Everything has changed, including food and gastronomy, and not only as long as Covid-19 still has us in its grasp. It would be better to get used to the new normal and do something with it. That was the exciting message conveyed at the lively, youthful HolyTisch convention, which brought experts from all over the world together at a digital table in September, thanks in part to the support it received from Rational AG and KTCHNrebel. The goal was to discover what the future of food looks like, and how restaurateurs and the food industry can seize this future and make the world a better place in the process.
Can we feed ten billion people without adversely affecting the climate? This question was addressed by none other than the well-known filmmaker Valentin Thun (“Taste the Waste”), who HolyTisch managed to enlist as opening keynote speaker. He believes using more chemicals in agriculture cannot be the solution. Thun relies on the skills of smallscale farmers, who consistently achieve higher yields than large-scale industry thanks to regionally adapted cultivation methods, as a study revealed. Thun reminded us that only 30% of the world’s grain harvest is intended for direct consumption in the first place. “We are growing fruit for organic fuel, and that is completely absurd!” In addition, the fact that our food is responsible for 40% of global warming also calls for a rethink, according to the expert.
Food and the climate – this was the topic that permeated the entire conference. Keynote speaker Manuel Klarmann, CEO of Eaternity, a company that provides environmental calculations for food, warned of the dangers of climate-induced migration. He also mentioned food production as an important climate factor, as well as a growing influence; this is especially true in view of an increasing population and the fact that land available for cultivation is declining due to climate change. However, the message was that we can still make a difference. Climate friendly eating is possible, and Eaternity highlighted the carbon footprint of an increasing number of foods. This enables restaurateurs and guests to become involved in protecting the climate – and do so with pleasure!
Food saver Daniel “Dan” Anthes reminded us that even the food we throw away adversely affects our climate. Dan emphasized the magnitude of this issue by pointing out that the 1.3 billion tons of food thrown out worldwide every year is the third largest greenhouse gas emission after China and the USA. He also has plenty of ideas on how to change this, for example with his Knärzje, a zero-waste beer made from bread scraps, or the food truck where he sells good stuff made from recovered food. “There is no such thing as waste, it’s all still edible food that just had bad luck,” he stressed. He added that there is already enough food for 12 billion people. “But we need an ordoliberal framework,” he said, directing his statement at policymakers.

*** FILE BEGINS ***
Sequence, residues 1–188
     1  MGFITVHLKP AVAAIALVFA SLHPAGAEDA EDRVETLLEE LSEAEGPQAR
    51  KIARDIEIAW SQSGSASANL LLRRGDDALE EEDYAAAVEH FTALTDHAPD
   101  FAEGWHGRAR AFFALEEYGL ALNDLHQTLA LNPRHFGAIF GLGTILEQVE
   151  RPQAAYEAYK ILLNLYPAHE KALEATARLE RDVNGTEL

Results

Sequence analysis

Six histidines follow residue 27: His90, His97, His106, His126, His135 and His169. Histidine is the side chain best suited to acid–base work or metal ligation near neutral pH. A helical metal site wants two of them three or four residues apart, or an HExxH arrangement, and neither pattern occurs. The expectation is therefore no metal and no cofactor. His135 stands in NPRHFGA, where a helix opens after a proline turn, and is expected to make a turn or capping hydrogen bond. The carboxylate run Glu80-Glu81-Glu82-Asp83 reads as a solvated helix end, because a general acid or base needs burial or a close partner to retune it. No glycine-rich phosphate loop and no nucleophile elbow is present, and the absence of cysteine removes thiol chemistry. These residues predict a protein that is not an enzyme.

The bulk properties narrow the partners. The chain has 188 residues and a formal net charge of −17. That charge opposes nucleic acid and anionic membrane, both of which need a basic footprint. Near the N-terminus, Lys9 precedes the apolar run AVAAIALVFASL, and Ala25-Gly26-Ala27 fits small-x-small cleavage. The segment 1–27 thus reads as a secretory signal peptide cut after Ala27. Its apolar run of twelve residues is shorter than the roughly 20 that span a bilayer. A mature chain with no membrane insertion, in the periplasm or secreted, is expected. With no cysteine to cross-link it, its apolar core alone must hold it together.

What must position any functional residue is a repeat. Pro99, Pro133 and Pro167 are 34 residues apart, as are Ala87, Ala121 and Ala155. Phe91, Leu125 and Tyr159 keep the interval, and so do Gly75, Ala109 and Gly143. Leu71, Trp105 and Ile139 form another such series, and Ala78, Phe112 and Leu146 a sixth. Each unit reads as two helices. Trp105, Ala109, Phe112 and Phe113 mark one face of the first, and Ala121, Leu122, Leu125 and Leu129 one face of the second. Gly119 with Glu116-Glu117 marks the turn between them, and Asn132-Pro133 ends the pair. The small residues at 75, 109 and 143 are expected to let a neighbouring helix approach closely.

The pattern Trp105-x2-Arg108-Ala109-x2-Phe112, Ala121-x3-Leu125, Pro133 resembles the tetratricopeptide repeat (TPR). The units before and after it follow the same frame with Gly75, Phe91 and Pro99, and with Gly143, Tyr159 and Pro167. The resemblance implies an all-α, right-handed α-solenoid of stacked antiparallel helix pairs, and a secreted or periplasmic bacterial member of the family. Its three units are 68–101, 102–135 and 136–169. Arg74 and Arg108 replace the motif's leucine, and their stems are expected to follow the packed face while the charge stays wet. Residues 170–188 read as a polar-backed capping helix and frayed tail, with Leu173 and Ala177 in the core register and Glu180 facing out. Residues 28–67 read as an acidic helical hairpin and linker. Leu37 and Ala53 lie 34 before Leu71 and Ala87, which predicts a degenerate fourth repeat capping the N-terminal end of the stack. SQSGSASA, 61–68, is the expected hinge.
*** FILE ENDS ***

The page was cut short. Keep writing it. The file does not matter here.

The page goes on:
Food service expert Sascha Barby of Rational impressively summed up what all this will mean for the gastronomy of the next several decades. The sociological changes brought about by the Y and Z generation’s influences, combined with rapidly accelerating climate change, create a provocative mix that can be turned into innovative concepts. With foresight and empathy, these concepts can be transformed into something that will also appeal to guests in the future and can even offer remedies for the increasing levels of loneliness caused by the pandemic.
Dylan Watson-Brawn and Spencer Christenson of the cult location Ernst Berlin also revealed what the future gastronomy will look like. Other speakers included Jasmin Suchy from the zero waste restaurant FREA, Julius Brantner, who is causing a stir with his bread making business, and gastronome, farmer and author Franz Keller, who is opening up new dimensions of sustainable pleasure. Input for the to-go business was provided by packaging experts such as Dr. Tim Breker, who presented his deposit-free reusable system for the gastronomy industry.
In addition, participants learned how closely the respective food culture is linked to the entire culture, tradition and identity and what role modern female entrepreneurs play in this context. Ethnology professor Rich Stepp illustrated how the way we eat majorly contributes to our cultural identity. For example, he explained why the grain-eating North Chinese tend to be individualists, while rice cultivation in the South tends to promote a sense of community. Food is dynamic, and always brings new opportunities, no matter what happens. For those who still had their doubts, Luciana Bianchi from the hotel, restaurant and gastro-social project MUYU in the Galapagos won them over. She demonstrated how to keep a business going with a sense of joy and positivity even if you don’t have any guests at all! “There are no tourists, people don’t have money to spare. We have to reinvent ourselves,” said the amiable restaurateur in the end. With a crowdfunding campaign backing her up, she steadfastly champions the families she supports, is particularly committed to promoting independence for women and is now focusing more on growing and processing food. “Covid is like group therapy,” she said. “I believe in humanity. I’m a romantic at heart!” Her motto? “The most important thing now is to survive, stay healthy and not go crazy.”
Following the sessions, the participants could discuss the topics with the speakers to their heart’s content. HolyTisch made it clear that when you combine commitment with joy and know-how, productive exchange is possible – Corona doesn’t change a thing!